Project Management

The Catch-22 of Project Management Certification and Experience

From the pmStudent Blog
by
Ranting and raving about project management and systems engineering.

About this Blog

RSS

Recent Posts

The Problem with Project Management

The Problem with Project Management

The Problem with Project Management

LinkedIn Recommendations Are Easy

The Catch-22 of Project Management Certification and Experience


Categories: Career, Certification


I get a lot of questions from people who are getting started in project management.

Many have a common theme around the problem of gaining experience when many of the positions that you find posted require a PMP certification.

Here's the deal.

What Catch-22?

It may seem like a Catch-22, but it's really not.

You know those jobs requiring PMP certification? Those are not entry level jobs you're applying for.

Any employer who is requiring PMP certification for an entry-level project management position does not understand what the PMP is. What you need instead is a more entry-level role if you don't have experience yet.

This can come in many forms. For many of us, we got our start by doing project management on the side. In addition to our day jobs we started managing projects. I realized that managing projects and creating something new was what I most enjoyed about managing people.

Another avenue is to secure a role such as Business Analyst or Technical Lead. More established companies will have different levels of project manager roles. One of the things that I teach is when assessing organizations you might want work for, take a look at what their organizational structure looks like. What sorts of titles do the different roles have in their company?

Corporate Project Culture

When you start to see a pattern of progressing levels of responsibility for project management rolls, this might be a good organization to grow your project management career with.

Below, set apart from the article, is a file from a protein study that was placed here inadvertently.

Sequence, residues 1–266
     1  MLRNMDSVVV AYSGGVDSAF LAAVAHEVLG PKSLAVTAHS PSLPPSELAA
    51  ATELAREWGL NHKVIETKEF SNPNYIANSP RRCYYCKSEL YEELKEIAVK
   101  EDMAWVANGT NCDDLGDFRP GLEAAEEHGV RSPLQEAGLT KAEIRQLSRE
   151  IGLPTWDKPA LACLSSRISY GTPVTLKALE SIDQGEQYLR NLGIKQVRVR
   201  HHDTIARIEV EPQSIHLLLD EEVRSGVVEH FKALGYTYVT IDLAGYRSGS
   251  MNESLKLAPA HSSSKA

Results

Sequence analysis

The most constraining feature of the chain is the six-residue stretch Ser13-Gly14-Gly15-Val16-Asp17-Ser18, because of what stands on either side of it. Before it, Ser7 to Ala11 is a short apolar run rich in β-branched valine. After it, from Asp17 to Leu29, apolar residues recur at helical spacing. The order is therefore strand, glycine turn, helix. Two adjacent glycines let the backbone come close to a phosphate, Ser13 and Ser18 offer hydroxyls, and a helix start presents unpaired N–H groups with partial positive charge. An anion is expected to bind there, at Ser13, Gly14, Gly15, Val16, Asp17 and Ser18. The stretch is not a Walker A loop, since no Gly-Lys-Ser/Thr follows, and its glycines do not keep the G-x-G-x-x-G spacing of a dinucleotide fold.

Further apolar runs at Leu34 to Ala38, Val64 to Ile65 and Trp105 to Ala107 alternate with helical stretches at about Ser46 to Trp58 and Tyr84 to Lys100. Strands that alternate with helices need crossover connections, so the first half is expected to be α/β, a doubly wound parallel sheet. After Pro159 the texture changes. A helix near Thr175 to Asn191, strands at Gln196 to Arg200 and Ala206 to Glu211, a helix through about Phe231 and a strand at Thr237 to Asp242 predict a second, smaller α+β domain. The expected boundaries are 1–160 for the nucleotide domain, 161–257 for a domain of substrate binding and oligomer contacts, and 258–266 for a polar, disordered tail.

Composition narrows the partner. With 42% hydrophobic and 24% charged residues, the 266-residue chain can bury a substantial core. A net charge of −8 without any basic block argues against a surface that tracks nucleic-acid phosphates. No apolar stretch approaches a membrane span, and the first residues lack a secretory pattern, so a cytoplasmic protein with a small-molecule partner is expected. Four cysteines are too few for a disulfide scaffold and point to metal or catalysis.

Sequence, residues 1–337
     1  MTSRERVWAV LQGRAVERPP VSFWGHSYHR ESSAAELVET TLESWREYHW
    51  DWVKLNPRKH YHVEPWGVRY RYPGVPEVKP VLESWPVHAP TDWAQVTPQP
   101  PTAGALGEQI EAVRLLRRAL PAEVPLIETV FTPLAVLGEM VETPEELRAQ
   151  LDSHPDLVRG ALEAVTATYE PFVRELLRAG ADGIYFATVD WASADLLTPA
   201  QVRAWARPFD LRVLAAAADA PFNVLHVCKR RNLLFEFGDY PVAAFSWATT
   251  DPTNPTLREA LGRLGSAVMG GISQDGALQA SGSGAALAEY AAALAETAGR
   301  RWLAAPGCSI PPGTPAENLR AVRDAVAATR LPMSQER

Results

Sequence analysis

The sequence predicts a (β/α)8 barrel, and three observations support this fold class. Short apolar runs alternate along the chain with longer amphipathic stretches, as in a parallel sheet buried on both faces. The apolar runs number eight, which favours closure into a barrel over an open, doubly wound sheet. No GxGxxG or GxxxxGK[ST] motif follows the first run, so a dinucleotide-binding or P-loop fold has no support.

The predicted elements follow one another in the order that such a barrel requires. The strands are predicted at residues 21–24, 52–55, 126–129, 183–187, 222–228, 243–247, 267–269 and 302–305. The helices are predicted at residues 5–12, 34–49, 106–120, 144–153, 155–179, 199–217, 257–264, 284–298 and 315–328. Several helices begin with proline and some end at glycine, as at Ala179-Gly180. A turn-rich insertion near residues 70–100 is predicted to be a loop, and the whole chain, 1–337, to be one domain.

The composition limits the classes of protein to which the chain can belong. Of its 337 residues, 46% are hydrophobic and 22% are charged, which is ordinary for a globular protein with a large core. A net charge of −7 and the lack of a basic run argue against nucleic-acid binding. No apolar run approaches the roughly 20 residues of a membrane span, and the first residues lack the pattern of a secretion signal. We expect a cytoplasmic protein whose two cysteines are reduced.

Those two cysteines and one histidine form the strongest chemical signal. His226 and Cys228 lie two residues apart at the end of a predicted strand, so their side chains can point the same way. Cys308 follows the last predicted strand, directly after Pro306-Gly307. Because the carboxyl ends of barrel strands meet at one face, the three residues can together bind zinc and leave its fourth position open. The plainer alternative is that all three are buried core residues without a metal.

Examples include "Project Manager  1, 2, and 3" or progressive levels such as "Junior Project Manager", "Project Manager", "Senior Project Manager".

What about those of you who would rather work in smaller companies with maybe more of a startup feel to them? In many cases if you secure some type of lead technical role or people management role within my start up or small-company you will have the opportunity to manage projects. (You won't be able to avoid them!)

Startup Project Culture

In startup companies people wear many hats. That's how I got my start in project management. I did manage a few projects at a larger fortune 500 company, but I really got to manage a lot of projects when I was just the Operations Manager for a small startup company.

One of the downsides of doing this in a startup company is there is less of an established process or training in project management as a discipline.

But on the flipside you can learn SO much in a startup environment about business, product development, and leading teams that is hard to come by in a large and well-established company.  These people that thrive in a startup environment instead of the large corporate culture can show you a lot about getting things done.

I think that really helped me to start thinking critically about how projects are delivered, and one of the reasons why I'm a big advocate of Lean and Agile delivery methods today. If you spend your entire career within a large organization you don't really get exposed to this type of thinking much.

You really have to think about what type of environment excites and motivates you.

What Is Your Path?

Would you rather go into an established organization that probably has training manuals on project management and they have their software development lifecycle all mapped out on pretty little diagrams?

This can be a good environment for someone brand-new to project management to learn one way of managing projects.